Winter STEM Activity - Sled and Slope Print and Paperless Bundle

Grade Levels
2nd - 8th
Resource Type
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Christmas and Winter STEM Challenges are the perfect activities to engage your students in brain-busting work disguised as fun when they've got the winter crazies!

This challenge is perfect for distance learning and social distancing because the materials are incredibly simple! Every one can build their own sled & slope or sleigh & slope!

The basic premise:

Working against a criteria/constraints list in partners or groups, students will build a sleigh/sled and ramp designed to transport the people or gifts the greatest possible distance.

Note: there is a "Sled & Slope" version for a winter (non-Christmas) activity as well as a "Sleigh & Slope" version for Christmas included.


Note: This resource includes both the printable version and the paperless option for use with GOOGLE SLIDES (TM) for 1:1 / paperless classroom.


Resource includes:

NGSS aligned standards, Grades 2 – 8

Teacher Tips

  • Links to STEM Challenge How-To videos
  • Materials and timing
  • Criteria & Constraints (including modifications to increase difficulty for older students)
  • Measuring results
  • Post-design extension activities list
  • Link to a video walk-through of the challenge

Handouts & Google Slides(TM) Options for Student Recording & Reflecting

  • Criteria & Constraints List (editable)
  • Design Analysis (editable)
  • Discussion Questions (editable)

Extension templates

  • Design an Experiment: Reducing Friction (editable; sample answers included)
  • Process Flow Map
  • Math Extension


Sample/suggested materials for each student or group:

Materials you’ll need to do the activity are easily modified. You can really do this with little more than cardboard scraps and tape or glue and something to put inside the sled (people or gifts can be symbolized using any number of small objects).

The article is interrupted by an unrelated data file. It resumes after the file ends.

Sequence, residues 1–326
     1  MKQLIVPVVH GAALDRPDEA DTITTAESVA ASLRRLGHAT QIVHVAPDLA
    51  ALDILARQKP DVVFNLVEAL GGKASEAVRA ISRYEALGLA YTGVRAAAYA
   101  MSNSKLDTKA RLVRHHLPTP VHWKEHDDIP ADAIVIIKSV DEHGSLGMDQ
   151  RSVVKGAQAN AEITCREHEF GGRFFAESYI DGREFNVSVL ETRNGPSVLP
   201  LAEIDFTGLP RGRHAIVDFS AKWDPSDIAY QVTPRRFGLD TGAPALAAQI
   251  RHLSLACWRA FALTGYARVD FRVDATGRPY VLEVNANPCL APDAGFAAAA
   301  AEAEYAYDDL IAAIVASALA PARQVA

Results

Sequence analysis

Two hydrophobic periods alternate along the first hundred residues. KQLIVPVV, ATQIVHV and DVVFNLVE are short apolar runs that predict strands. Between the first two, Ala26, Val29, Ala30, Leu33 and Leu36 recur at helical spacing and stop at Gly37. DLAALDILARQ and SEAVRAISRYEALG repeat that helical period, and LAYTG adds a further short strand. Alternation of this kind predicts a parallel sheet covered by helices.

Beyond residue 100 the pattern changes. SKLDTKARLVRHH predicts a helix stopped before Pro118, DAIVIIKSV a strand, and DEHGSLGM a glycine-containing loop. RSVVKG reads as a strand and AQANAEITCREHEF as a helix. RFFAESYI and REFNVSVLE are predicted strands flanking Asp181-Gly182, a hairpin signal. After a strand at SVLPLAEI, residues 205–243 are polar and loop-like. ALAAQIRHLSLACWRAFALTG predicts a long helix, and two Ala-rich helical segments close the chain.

• Cardboard, card stock, cereal box, or paper plates
  • Pipe cleaners (5 – 10)
  • Small bows (2)
    • Bows are to symbolize gifts; small candies can be substituted (If you’re doing the Sled & Slope version, you’ll need small people to ride the sleds. Think: little, plastic, green army men. Two riders will work well.)
  • Popsicle/craft sticks (10 – 15)
  • Rubber bands (5 – 10)
  • Foil (12 – 24 in.)
  • Straws (5 – 10)
  • Scissors
  • Tape (12 – 24 in.)
  • Ruler or measuring tape


• Wood scraps

• Paper bags

• Coffee filters

• Plastic cutlery

• Balloons (rocket boosters)

• String

• Cable ties


What are teachers saying about this resource?

“My second-graders had a great time with this challenge. It fit in well with our unit on motion, position and force. Thanks!”

“I love these STEM projects. The kids go crazy over them :)”

"I loved how this activity came with a variety of modifications so that I could make it suitable for my students needs. My class loved participating in this activity."

"My 5th graders and their 1st grade STEM buddies really enjoyed this activity! :)"

"My classes loved these activities. They were discussing and figuring out ways to improve their projects too. They learned a lot from these."

"Great cross-curricular activity! I partnered with the 6th-grade math teacher. Students enjoyed the challenge!"

"My students had so much fun doing this task. They got really creative. Thank you."

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to see state-specific standards (only available in the US).
Develop a simple sketch, drawing, or physical model to illustrate how the shape of an object helps it function as needed to solve a given problem.
Analyze data from tests of two objects designed to solve the same problem to compare the strengths and weaknesses of how each performs.
Evaluate competing design solutions using a systematic process to determine how well they meet the criteria and constraints of the problem.
Ask questions, make observations, and gather information about a situation people want to change to define a simple problem that can be solved through the development of a new or improved object or tool.
Plan and carry out fair tests in which variables are controlled and failure points are considered to identify aspects of a model or prototype that can be improved.


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